"Your cellphone service provider knows where you've been. Now the Supreme Court will decide if its OK for police to find out as well — without a warrant. The justices agreed Monday to hear what will be the latest in a string of cases testing the clash of technology and privacy. The challenge comes from a man convicted of armed robberies in Michigan and Ohio, for whom police accessed 127 days of cell phone records, revealing 12,898 points of location data. The suspect, Timothy Carpenter, was convicted and then lost a 2-1 federal appeals court ruling in which he argued that police should have sought a warrant." [editor's note: It's dumb that this made it past the first hearing of the lowest court without the fruit of the illegal search being thrown out – TLK] (06/05/17)


SCOTUS: Patent trolls' loss is a win for honest commerce

Source: Garrison Center
by Thomas L Knapp

"On May 22, the US Supreme Court ruled unanimously — and correctly — on a fairly obscure case that nonetheless has huge implications in an area where millions or even billions of dollars are frequently at stake. In TC Heartland v. Kraft Foods Group Brands, the Court came down against the practice of 'forum shopping' in patent disputes. Hopefully this will reduce the incidence of 'patent trolling.'" (05/23/17)


US Supreme Court limits "venue shopping" for patent cases

Source: The Hill

"A Supreme Court decision on Monday will limit the controversial practice of 'venue shopping' — where plaintiffs pick court locations that they believe will be favorable to the cases they’re arguing. The court reversed a U.S. Court of Appeals for the Federal Circuit decision from last year that had been used as justification for bringing cases to venues wherever the companies involved happened to conduct business. Companies will now be required to bring lawsuits to where the targeted company is incorporated." (05/22/17)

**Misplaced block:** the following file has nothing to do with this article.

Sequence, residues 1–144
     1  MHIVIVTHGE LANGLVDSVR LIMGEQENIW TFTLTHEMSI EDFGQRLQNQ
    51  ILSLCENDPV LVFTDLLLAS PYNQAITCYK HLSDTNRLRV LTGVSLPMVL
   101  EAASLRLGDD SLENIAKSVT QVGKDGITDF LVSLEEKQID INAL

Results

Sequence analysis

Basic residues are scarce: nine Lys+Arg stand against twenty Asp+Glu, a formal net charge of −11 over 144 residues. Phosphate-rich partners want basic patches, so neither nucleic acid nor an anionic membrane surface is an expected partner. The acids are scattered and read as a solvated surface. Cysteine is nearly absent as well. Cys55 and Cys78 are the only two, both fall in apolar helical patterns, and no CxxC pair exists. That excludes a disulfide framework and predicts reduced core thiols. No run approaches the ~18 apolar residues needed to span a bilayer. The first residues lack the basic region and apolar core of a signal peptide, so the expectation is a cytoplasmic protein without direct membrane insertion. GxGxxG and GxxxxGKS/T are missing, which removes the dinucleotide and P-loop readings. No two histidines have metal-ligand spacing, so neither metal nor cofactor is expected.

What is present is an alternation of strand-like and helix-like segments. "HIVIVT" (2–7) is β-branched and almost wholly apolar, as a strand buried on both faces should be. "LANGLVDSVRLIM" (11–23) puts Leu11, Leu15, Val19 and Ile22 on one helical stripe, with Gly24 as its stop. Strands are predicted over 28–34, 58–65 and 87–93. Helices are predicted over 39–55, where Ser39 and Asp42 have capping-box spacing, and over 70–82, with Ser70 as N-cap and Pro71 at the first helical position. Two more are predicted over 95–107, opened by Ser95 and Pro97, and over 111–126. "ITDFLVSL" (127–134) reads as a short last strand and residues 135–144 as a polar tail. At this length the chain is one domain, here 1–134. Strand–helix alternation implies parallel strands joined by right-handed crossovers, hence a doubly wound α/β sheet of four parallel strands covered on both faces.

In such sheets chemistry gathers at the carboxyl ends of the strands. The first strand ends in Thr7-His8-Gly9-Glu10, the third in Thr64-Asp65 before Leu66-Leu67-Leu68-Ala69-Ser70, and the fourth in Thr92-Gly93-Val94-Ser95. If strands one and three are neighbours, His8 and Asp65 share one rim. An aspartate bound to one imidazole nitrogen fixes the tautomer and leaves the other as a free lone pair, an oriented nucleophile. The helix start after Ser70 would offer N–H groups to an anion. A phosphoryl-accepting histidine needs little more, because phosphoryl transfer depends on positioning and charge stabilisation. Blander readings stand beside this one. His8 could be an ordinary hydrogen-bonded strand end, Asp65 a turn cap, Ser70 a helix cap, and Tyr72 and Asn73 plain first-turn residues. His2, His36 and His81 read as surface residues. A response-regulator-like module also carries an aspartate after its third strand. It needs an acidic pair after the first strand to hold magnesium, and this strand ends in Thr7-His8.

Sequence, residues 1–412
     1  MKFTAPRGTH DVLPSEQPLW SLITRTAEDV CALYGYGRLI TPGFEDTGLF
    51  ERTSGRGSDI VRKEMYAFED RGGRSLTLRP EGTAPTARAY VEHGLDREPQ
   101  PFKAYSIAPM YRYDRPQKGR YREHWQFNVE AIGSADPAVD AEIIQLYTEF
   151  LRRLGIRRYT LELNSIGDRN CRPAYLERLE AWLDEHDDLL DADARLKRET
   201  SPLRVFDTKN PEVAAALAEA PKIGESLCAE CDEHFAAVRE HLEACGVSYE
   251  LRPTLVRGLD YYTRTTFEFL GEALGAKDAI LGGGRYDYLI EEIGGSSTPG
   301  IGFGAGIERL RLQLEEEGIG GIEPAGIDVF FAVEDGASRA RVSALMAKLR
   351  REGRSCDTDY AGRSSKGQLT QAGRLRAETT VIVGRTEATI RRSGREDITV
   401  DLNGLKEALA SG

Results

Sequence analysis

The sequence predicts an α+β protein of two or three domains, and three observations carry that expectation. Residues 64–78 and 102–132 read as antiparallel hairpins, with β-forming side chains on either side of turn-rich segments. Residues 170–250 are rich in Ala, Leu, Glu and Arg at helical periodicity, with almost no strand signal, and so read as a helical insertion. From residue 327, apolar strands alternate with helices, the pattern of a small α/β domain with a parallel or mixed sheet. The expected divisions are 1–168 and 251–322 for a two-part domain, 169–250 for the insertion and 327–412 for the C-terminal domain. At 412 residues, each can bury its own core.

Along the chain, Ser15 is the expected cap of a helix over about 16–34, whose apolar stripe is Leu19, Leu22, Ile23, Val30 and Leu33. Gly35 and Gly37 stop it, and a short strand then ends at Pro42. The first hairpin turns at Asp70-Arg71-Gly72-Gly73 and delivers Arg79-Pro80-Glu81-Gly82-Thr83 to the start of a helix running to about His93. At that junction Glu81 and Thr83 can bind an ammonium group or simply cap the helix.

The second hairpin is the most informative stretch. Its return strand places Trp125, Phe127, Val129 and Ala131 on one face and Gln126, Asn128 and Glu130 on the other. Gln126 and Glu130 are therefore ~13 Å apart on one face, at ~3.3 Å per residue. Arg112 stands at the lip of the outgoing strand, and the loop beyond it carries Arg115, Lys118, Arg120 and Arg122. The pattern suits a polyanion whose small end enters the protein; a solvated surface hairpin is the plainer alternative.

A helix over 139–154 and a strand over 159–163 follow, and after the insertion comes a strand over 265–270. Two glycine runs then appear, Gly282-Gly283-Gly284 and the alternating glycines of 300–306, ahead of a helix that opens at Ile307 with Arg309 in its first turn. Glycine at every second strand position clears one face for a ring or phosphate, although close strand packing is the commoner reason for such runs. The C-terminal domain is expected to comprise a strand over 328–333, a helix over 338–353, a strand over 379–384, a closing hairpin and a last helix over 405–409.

SCOTUS rules in favor of debt collector in bankruptcy dispute

Source: Raw Story

"The U.S. Supreme Court on Monday handed a victory to debt collectors, ruling that people who have filed for bankruptcy cannot sue companies that tried to recoup old debt that was not required to be paid back under state statutes of limitations. The justices, in a 5-3 decision, ruled in favor of Midland Funding, a subsidiary of Encore Capital Group Inc, which was sued by an Alabama debtor named Aleida Johnson who entered bankruptcy in 2014. The court’s newest justice, Neil Gorsuch, did not participate in the ruling." (05/15/17)


SCOTUS refuses appeal of ruling against North Carolina's "make it hard for African-Americans to vote" law